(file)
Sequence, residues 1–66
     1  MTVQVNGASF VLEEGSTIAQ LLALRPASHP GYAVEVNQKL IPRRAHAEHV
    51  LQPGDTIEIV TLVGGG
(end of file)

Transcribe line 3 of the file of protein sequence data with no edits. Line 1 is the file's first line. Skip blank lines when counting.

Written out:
    51  LQPGDTIEIV TLVGGG